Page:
En EspaŅol

Q. Who is Mr. Smarty Plants?

A: There are those who suspect Wildflower Center volunteers are the culpable and capable culprits. Yet, others think staff members play some, albeit small, role. You can torture us with your plant questions, but we will never reveal the Green Guru's secret identity.

Help us grow by giving to the Plant Database Fund or by becoming a member

Did you know you can access the Native Plant Information Network with your web-enabled smartphone?


Ask Mr. Smarty Plants

Ask Mr. Smarty Plants is a free service provided by the staff and volunteers at the Lady Bird Johnson Wildflower Center.

Search Smarty Plants
See a list of all Smarty Plants questions
Can't find the answer in our existing FAQs, submit a question to Mr. Smarty Plants.
Need help with plant identification, visit the plant identification page.
rate this answer
Not Yet Rated

Friday - September 26, 2008

From: Aledo, TX
Region: Southwest
Topic: Trees
Title: Distance from wall to plant Eastern red cedar
Answered by: Nan Hampton


I want to plant a row of Eastern red cedar on the high side of a 2 to 2 1/2 ft large Pavestone block retaining wall, preferably as close to the wall as possible. We have put maybe 4-5" of gravel behind this wall to facilitate drainage, and this should deter root growth toward the wall. How close to the wall can I safely plant these trees? Thank you much.


Juniperus virginiana (eastern redcedar) generally grows to around 40 feet high, but can grow as tall as 90 feet. Its width at maturity can be 8 to 20 feet wide.  How close to your pavestone wall you choose to plant should be guided by the range of any lateral roots and width of the mature tree.

The US Forest Service database says:  

"Eastern redcedar generally has a shallow, fibrous root system, though roots of mature eastern redcedar trees may penetrate 25 feet (7.6 m) and lateral roots may reach 20 feet (6 m).  Eastern redcedar seedlings have penetrating taproots and may later develop a lateral taproot system.  The deep, early taproot is usually replaced by an extensive, shallow root system with age.  Even 1st year seedlings begin developing a long fibrous root system, often at the expense of top growth.  The root system may be deep where soil permits, but on shallow and rocky soils eastern redcedar roots are very fibrous and tend to spread widely.  The development of a lateral taproot with age may also enable eastern redcedar to persist on outcrops and shallow soils."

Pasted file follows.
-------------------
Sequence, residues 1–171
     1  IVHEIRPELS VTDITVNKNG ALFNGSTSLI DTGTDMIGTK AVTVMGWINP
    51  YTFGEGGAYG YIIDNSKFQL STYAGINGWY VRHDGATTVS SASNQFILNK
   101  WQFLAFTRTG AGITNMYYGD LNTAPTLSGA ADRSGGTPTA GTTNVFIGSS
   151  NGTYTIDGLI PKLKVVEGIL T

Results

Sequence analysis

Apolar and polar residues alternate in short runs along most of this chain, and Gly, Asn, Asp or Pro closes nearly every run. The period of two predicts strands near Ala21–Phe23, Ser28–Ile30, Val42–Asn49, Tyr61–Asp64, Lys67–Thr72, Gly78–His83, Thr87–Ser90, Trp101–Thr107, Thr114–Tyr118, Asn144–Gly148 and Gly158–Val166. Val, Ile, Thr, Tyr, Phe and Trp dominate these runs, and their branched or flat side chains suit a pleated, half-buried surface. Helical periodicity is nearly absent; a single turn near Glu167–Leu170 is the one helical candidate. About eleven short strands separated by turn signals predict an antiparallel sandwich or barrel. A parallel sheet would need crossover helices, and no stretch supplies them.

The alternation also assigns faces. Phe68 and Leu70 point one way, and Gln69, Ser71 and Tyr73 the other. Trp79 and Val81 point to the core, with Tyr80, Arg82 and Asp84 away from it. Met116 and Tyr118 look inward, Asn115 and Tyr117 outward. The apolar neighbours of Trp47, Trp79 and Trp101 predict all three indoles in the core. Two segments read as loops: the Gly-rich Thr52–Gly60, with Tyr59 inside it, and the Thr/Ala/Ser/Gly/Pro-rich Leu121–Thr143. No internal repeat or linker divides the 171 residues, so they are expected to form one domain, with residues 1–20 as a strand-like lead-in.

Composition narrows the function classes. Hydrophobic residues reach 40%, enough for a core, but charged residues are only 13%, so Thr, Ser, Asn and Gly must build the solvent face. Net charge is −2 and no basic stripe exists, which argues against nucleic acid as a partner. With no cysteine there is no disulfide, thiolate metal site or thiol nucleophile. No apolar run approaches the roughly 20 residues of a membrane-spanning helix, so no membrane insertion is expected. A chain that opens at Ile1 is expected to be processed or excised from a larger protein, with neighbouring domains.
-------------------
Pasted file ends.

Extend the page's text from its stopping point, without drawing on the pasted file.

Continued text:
The US Forest Service Silvics Manual says that the soil condition determines whether the tree develops a deep tap root or spreading lateral roots.  In thin rocky soil fibrous lateral roots will be predominant; but, if the soil permits, the root system may be a deep penetrating tap root.  So, if your soil is good, you shouldn't have great concern about lateral roots.  

You should probably not plant the trees a distance from your wall that is less than half the width of the mature tree.   Kansas Forest Service recommends a planting spacing for redcedars of 6 to 10 feet and University of Missouri Extension recommends a spacing of 8-12 feet.

Cultivars have been developed that are smaller; for instance, according to the University of Connecticut there is a cultivar, 'Emerald Sentinel', that is a pyramidal, columnar shape that grows to 20 feet high and only 8 feet wide. If this tree sounds as if it is tall enough for you, it could probably be planted 3 to 4 feet from your wall.

Juniperus virginiana

Juniperus virginiana

Juniperus virginiana

Juniperus virginiana




More Trees Questions

Shade trees for Spring TX
August 17, 2011 - Dear Mr.Pants, our west-facing backyard in Spring, Tx, is unbearable in this Summer's heat. Neither us nor the neighbors has any backyard trees established yet, as the subdivision is pretty new. C...
view the full question and answer

How close can house be built to live oak from Austin
May 30, 2012 - We have a healthy 21" live oak tree on our lot and are planning to build a home in Circle C subdivision in southwest austin. The home foundation will be within 15' of the large live oak. Need your h...
view the full question and answer

Why is my 3 year old Redbud not flowering in San Marcos, TX?
March 24, 2010 - My Cercis canadensis var. mexicana, purchased at the Lady Bird Johnson Wildflower Center, is 3 years old, very robust, but has never bloomed. Any explanation?
view the full question and answer

Shrubs and trees to protect beehives in Godley TX
April 06, 2010 - Dear Mr. Smarty Plants, Is there a (relatively) fast growing native small tree or large shrub (NOT cedar) that tolerates Johnson County clay, full sun, sometimes damp and sometimes dry soil with no...
view the full question and answer

Problems with new transplant non-native weeping willow from Washington DC
September 10, 2012 - I replanted a very young BABY weeping willow tree and now it looks as if the leaves are drying up like it is dying. I know that it could also be in shock from the new transplant or it can be dying ...
view the full question and answer

Support the Wildflower Center by Donating Online or Becoming a Member today.
© 2015 Lady Bird Johnson Wildflower Center